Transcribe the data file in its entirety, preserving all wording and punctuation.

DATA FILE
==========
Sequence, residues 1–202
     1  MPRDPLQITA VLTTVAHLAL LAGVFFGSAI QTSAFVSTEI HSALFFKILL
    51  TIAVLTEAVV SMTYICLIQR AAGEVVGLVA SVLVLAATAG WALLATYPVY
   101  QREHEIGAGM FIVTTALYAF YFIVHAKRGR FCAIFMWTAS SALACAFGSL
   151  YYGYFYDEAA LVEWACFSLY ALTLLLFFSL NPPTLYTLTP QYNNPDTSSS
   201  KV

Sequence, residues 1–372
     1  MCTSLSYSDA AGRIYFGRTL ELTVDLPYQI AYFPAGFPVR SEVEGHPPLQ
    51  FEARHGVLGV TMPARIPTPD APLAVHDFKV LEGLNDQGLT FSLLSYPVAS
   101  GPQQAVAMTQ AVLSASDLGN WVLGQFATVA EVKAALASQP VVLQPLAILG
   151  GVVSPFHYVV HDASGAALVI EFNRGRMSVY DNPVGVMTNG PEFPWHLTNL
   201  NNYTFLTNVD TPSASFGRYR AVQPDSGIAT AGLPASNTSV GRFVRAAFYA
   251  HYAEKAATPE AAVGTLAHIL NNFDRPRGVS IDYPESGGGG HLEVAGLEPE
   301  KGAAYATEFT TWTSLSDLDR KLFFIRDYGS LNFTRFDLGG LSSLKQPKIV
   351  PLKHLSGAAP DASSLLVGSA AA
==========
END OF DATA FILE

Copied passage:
Sequence, residues 1–202
     1  MPRDPLQITA VLTTVAHLAL LAGVFFGSAI QTSAFVSTEI HSALFFKILL
    51  TIAVLTEAVV SMTYICLIQR AAGEVVGLVA SVLVLAATAG WALLATYPVY
   101  QREHEIGAGM FIVTTALYAF YFIVHAKRGR FCAIFMWTAS SALACAFGSL
   151  YYGYFYDEAA LVEWACFSLY ALTLLLFFSL NPPTLYTLTP QYNNPDTSSS
   201  KV

Sequence, residues 1–372
     1  MCTSLSYSDA AGRIYFGRTL ELTVDLPYQI AYFPAGFPVR SEVEGHPPLQ
    51  FEARHGVLGV TMPARIPTPD APLAVHDFKV LEGLNDQGLT FSLLSYPVAS
   101  GPQQAVAMTQ AVLSASDLGN WVLGQFATVA EVKAALASQP VVLQPLAILG
   151  GVVSPFHYVV HDASGAALVI EFNRGRMSVY DNPVGVMTNG PEFPWHLTNL
   201  NNYTFLTNVD TPSASFGRYR AVQPDSGIAT AGLPASNTSV GRFVRAAFYA
   251  HYAEKAATPE AAVGTLAHIL NNFDRPRGVS IDYPESGGGG HLEVAGLEPE
   301  KGAAYATEFT TWTSLSDLDR KLFFIRDYGS LNFTRFDLGG LSSLKQPKIV
   351  PLKHLSGAAP DASSLLVGSA AA